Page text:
Why Is Glycine the Anti-Aging Ingredient You Should Know About? - The Dermatology Review

Why Is Glycine the Anti-Aging Ingredient You Should Know About?

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08.31.20 AD DISCLOSURE

What Is Glycine?

Glycine is an amino acid that is primarily used in anti-aging skincare products because of its ability to improve moisture retention, increase collagen production, and promote skin repair and regeneration. 

Amino acids are the building blocks of proteins. Glycine is the simplest amino acid with only a single hydrogen atom as its side chain. As an amino acid, glycine functions as a building block in the production of many proteins. Glycine is a non-essential amino acid, which means it can be synthesized within the human body and doesn’t need to be absorbed from food. Glycine should not be confused with another ingredient that is commonly used in skincare products called “glycine soja”, which is soybean extract. Although glycine can also be found in soybean extract it is mostly synthetically derived. 

Amino acids in skincare are becoming increasingly popular for helping to improve the appearance of aging skin. There are 20 amino acids and 11 of which, like glycine are non-essential meaning the body can produce them by itself. Amino acids play a role in almost every process within the body. They are also vital for the healthy functioning of the skin. When you are looking to incorporate amino acids into your skincare routine lookout for the ones that work best topically or through your skincare products such as arginine, lysine, histidine, glycine, and leucine.

Glycine

the good:Magnesium gluconate is involved in over 300 processes in the body and is involved in healthy muscle functioning. Supplementing magnesium through transdermal absorption may help to relax muscles and reduce the tension associated with fine lines and wrinkles.

the not so good:The mechanisms of actions for magnesium gluconate are not well studied. While the theoretical underpinnings of its use make sense, the use is not yet substantiated in scientific research.

Who is it for? All skin types except those that have an identified allergy to it.

Synergetic ingredients:Works well with most ingredients

Keep an eye on: Keep an eye out for more research in this area.

What Are The Benefits of Glycine 

In cosmetics and skincare products, glycine works to improve the visible signs of aging, improve moisture retention, increase collagen production, and promote skin repair and regeneration. Glycine is also used as a buffering agent.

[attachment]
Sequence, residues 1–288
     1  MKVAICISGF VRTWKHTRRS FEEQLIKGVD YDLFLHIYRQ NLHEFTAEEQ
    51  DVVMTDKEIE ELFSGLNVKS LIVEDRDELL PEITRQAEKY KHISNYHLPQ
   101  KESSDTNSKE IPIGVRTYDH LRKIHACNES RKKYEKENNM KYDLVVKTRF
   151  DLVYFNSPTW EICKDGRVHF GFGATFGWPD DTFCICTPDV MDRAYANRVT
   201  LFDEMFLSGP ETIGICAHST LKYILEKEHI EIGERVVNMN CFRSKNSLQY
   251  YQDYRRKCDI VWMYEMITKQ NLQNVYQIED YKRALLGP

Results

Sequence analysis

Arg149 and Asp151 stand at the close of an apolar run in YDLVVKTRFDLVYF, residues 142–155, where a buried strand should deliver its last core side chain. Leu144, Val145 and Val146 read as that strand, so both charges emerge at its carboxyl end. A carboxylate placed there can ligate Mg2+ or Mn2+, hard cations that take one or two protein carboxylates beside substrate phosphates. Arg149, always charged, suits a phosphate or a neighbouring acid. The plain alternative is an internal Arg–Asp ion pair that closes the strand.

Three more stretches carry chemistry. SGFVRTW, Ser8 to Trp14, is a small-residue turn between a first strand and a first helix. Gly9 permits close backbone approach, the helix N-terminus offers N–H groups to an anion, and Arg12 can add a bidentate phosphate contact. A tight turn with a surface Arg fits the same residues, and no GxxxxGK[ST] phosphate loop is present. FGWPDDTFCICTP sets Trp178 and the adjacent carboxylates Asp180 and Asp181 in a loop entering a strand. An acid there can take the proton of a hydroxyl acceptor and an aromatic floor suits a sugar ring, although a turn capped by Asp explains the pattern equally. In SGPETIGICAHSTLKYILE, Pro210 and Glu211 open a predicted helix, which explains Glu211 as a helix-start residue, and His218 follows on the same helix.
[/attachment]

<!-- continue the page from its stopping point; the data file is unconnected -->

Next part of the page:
Collagen
Glycine is thought to help support healthy collagen production and stimulation. When topically applied, glycine penetrates the skin as amino acids are small molecules particularly glycine which is one of the smallest. One of the major factors that contribute to the formation of lines and wrinkles is a decrease in the amount of collagen in the skin. The body produces less and less collagen with age. In fact, after the age of 20, a person produces about 1 percent less collagen in the skin each year. Moreover, environmental free radicals can degrade collagen. The result is skin that becomes thinner and more fragile with age. Collagen has a triple helix structure composed of glycine and two other amino acids, proline and hydroxyproline.  It is thought that glycine may help support collagen production, such as glycine, and help to maintain skin firmness and promote skin repair and regeneration.

Moisture
Glycine may also benefit the skin is by supporting moisture retention. Glycine and other amino acids are naturally present in the skin as part of the Natural Moisturizing Factors. Natural Moisturizing Factors are composed of amino acids, sugars and electrolytes that work to keep the skin’s surface intact, supple, and hydrated. Specifically, amino acids work together with aquaporins or the body’s water transport system, to move moisture throughout the skin. Therefore, the topical application of amino acids like glycine may help to improve moisture retention in the skin.

Stability
Lastly, glycine can help improve the stability of your product. It also functions as a buffering agent, which means it is used to establish and hold the pH level of a cosmetic formulation. In chemistry, pH stands for ‘potential hydrogen’ and it refers to the level of acidity or alkalinity in a given solution. The pH scale ranges from 0 to 14. A pH of 7 is neutral. A pH less than 7 is acidic. A pH greater than 7 is basic. Adding glycine to an acidic or alkaline solution will make it neutral which is great news for sensitive skin types and pH levels too far outside of the skin’s normal pH range of 4.7-5.75 will irritate the skin.

Is Glycine Safe?

The safety of glycine and the other alpha-amino acids has been assessed by the Cosmetic Ingredient Review Expert Panel, a group that evaluates the safety of cosmetic and skincare ingredients. Due to the normal presence of glycine in the body and its use as a direct food additive approved by the FDA, the Expert Panel focused its review on dermal irritation and sensitization data. Dermal data on products containing glycine indicated that this ingredient is not a dermal irritant or sensitizer. Thus, the Panel concluded that glycine and the other alpha amino acids were safe as used in cosmetics and personal care products.

References:
Razak, M, Begum, P, Viswanath, B, & Rajagopal, S, 2017. ‘ Multifarious Beneficial Effect of Nonessential Amino Acid, Glycine: A Review’, Oxidative Medicine and Cellular Longevity.
Murakami, H, Shimbo, K, Inoue, Y, Takino, Y, & Kobayashi, H, 2012. ‘Importance of amino acid composition to improve skin collagen protein synthesis rates in UV-irradiated mice’, Amino Acids, vol.42, is. 6, pp. 2481-2489.

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